Interview with CAT 2014 Topper Akash Gupta who is an IIT Kharagpur student and cracked CAT 2014 in his first attempt with 99.94 percentile. This is the second part of Akash Gupta`s Interview.
Jagranjosh.com: Which sections of CAT were your strength and which were your weak areas?
Akash Gupta: I was confident about most of the CAT syllabus. QA, DI and LR were my strengths. I was a little sketchy in VA, but not so much to call it my weakness.
Jagranjosh.com: Do you think taking coaching classes is necessary to crack CAT?
Akash Gupta: I think coaching classes are not at all necessary to crack CAT. I myself prepared for CAT-2014 without any coaching class and successfully cracked it with only 3 months of preparation
Jagranjosh.com: Which IIM is your choice and why?
Akash Gupta: IIM Ahmedabad, simply because it is the best management Institute in the country.
Jagranjosh.com: How do you think the current change in CAT Exam pattern will impact the performance?
Jagranjosh.com: Please share your preparation methodology for WAT & PI process.
Akash Gupta: PIs are very dynamic in nature. You cannot predict beforehand in which direction it will go. But broadly the areas I focused on as a part of PI preparation were- graduation subjects, curricular and extracurricular activities, current affairs, hobbies, family and hometown background, history of the current city and state and then there were HR questions as well like- why MBA? What are your short term and long term goals? Etc. Work experience is also an area from where questions are asked, but being a fresher, I did not need to worry about it.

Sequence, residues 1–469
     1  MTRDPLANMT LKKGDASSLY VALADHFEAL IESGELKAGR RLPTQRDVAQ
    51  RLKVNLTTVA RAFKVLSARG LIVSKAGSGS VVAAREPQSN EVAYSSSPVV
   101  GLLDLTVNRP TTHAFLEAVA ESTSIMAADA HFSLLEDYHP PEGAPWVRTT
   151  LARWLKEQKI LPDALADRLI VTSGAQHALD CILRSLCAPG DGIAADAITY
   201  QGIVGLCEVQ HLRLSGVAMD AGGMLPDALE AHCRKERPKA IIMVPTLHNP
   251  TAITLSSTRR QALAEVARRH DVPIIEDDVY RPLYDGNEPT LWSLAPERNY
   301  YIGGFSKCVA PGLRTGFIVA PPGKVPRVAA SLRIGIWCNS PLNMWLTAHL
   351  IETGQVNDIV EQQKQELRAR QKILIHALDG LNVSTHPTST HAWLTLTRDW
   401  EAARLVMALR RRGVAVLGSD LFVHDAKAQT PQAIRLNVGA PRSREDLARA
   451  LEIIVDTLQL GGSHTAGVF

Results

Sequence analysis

As far as WATs are concerned, the topic could be anything. I made three broad categories of the topics- Abstract, Contemporary and Generic and wrote at least 1 essay on the topics belonging to each of these topics. Apart from that, I and my friends used to have frequent GD sessions where we used to discuss these topics. Though GDs are not part of the admission process anymore, except IIM L, the discussion provided us with beautiful insights into the various topics we discussed.
Akash Gupta: CAT is not a test to prove your mettle in specific subjects; you need to prove your overall ability. With the recent change in pattern, a student has on an average 102 seconds to answer a questions. This has surely affected the difficulty level of the examination. While until last year accuracy was the determining factor, CAT-2014 was a balanced test with proper balance between speed and accuracy. It won’t have any significant impact on performance as such, but aspirants will need to make their speed an important factor in their preparation strategy.
Jagranjosh.com: What is your advice to the CAT aspirants?
Akash Gupta: There is no universal preparation strategy for CAT. It depends on the candidate only. The syllabus is nothing new, everything is high school, and only the approach is different. Don’t follow the herd. Take a few mocks without any preparation, and see where you stand. Categorize the topics as strong, moderate, weak and null and plan accordingly. Try not to leave any topic, with 50 questions in a section there is high chance that almost all of the topics will be covered. If you feel you need coaching, join one. If you feel group study is the way to go, do it. If you think you should do it alone, go for it. Don’t put extra burden on yourself, there is still enough time to ace the examination. Answer questions depending on your level of confidence on the topics, rather than the feasibility of the answers. Set subject goals, not time ones. Lastly, practice as much as you can!
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